New research finds that an intermittent fasting diet changes gut bacteria activity in mice, increasing the ability to recover from nerve damage.
Imperial College London researchers observed how an intermittent fasting diet caused the gut bacteria to increase the production of 3-Indolepropionic acid (IPA) metabolites; these are required to heal nerve fibres called axons.
“There is currently no treatment for people with nerve damage beyond surgical reconstruction, which is only effective in a small percentage of cases. This prompted us to investigate whether lifestyle changes could aid recovery,” said study author Professor Simone Di Giovanni from Imperial’s Department of Brain Sciences.
The new research is published in Nature; this study is the first to analyse if an intermittent fasting diet can repair nerve damage.
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The study assessed nerve regeneration of mice where the sciatic nerve, which runs down the spine to the leg, was crushed.
In a group of mice, half intermittently fasted (eating as much as they liked, followed by restricted eating on alternate days), and the other half consumed whatever they wanted. The researchers examined the two groups for ten days or 30 days before the mice had their operation, and the team monitored recovery for the following 24 to 72 hours.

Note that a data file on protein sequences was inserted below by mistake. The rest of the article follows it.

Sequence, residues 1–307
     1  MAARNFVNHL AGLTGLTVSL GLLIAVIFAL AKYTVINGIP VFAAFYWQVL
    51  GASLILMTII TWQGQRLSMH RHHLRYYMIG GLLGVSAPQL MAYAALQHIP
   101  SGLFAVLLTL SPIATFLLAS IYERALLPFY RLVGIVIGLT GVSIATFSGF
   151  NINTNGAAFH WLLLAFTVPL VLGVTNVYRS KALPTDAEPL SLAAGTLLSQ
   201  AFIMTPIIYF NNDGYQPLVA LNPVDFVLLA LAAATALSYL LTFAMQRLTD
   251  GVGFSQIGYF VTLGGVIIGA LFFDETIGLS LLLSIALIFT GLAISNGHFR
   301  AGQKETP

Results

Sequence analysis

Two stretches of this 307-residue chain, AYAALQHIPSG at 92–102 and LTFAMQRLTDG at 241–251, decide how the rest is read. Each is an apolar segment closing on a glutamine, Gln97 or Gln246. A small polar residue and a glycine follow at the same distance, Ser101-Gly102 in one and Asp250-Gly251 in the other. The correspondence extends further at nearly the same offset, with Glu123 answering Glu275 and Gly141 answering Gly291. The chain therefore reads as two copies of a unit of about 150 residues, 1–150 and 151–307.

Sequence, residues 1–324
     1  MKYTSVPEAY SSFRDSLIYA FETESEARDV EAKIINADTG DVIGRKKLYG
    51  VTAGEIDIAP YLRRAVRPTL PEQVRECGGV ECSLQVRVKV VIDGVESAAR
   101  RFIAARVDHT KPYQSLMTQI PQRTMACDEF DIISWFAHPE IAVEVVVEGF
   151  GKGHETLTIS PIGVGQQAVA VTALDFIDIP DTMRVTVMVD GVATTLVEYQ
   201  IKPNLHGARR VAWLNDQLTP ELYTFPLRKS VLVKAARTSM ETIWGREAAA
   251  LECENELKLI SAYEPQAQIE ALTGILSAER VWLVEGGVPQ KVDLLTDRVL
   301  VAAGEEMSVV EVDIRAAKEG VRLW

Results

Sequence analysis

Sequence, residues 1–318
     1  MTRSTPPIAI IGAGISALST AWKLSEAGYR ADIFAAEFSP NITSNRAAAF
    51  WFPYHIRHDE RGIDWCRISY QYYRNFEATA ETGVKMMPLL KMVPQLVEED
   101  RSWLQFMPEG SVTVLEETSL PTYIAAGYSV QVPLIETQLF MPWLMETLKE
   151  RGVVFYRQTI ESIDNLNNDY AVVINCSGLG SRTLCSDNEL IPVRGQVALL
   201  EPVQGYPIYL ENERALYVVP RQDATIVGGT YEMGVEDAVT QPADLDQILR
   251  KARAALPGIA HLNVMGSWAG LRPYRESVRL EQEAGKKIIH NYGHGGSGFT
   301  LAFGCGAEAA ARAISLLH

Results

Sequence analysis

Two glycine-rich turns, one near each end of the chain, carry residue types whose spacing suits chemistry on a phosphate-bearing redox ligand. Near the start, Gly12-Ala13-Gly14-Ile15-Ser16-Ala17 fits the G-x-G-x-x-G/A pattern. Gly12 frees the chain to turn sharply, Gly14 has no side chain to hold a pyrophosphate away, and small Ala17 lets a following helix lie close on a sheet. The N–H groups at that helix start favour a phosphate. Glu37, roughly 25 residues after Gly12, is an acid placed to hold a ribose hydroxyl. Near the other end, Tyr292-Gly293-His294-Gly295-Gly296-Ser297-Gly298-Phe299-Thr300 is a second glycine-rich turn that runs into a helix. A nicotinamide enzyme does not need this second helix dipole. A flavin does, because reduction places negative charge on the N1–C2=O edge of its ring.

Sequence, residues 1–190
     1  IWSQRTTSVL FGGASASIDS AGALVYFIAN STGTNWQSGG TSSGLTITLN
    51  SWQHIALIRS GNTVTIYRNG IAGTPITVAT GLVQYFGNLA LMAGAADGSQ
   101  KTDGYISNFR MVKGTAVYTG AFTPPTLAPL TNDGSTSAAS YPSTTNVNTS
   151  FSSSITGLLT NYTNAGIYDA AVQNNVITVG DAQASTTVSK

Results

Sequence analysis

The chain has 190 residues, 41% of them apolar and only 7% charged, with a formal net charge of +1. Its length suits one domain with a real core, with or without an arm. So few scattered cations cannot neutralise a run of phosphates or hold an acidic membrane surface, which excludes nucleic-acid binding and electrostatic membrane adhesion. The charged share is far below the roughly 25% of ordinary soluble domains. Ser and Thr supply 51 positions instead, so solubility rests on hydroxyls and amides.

The researchers found the length of regrown axons were 50% greater in mice following an intermittent fasting diet.
Professor Di Giovanni said, “I think the power of this is that it opens up a whole new field where we have to wonder: is this the tip of an iceberg? Are there going to be other bacteria or bacteria metabolites that can promote repair?”
The role of IPA in nerve regeneration
The researchers set out to answer why fasting leads to nerve regeneration and found that there were significantly higher levels of specific metabolites, including IPA, in the blood of the mice who fasted.
To confirm if IPA led to nerve repair, the mice were treated with antibiotics to clean their guts of bacteria. The mice were administered genetically modified strains of Clostridium sporogenesis that could or could not produce IPA.
“When IPA cannot be produced by these bacteria and it was almost absent in the serum, regeneration was impaired. This suggests that the IPA generated by these bacteria can heal and regenerate damaged nerves,” Professor Di Giovanni said.
The team noticed that when IPA was administered orally after sciatic nerve injury, the regeneration of nerves and recovery improved around two and three weeks after injury.
Looking towards the future, the researchers will test this mechanism for spinal cord injuries in mice and test whether administering IPA more frequently maximises its effectiveness.
“One of our goals now is to systematically investigate the role of bacteria metabolite therapy,” Professor Di Giovanni said.
More studies will be needed to understand if IPA increases after fasting in humans and the efficacy of IPA and intermittent fasting as a potential treatment in people.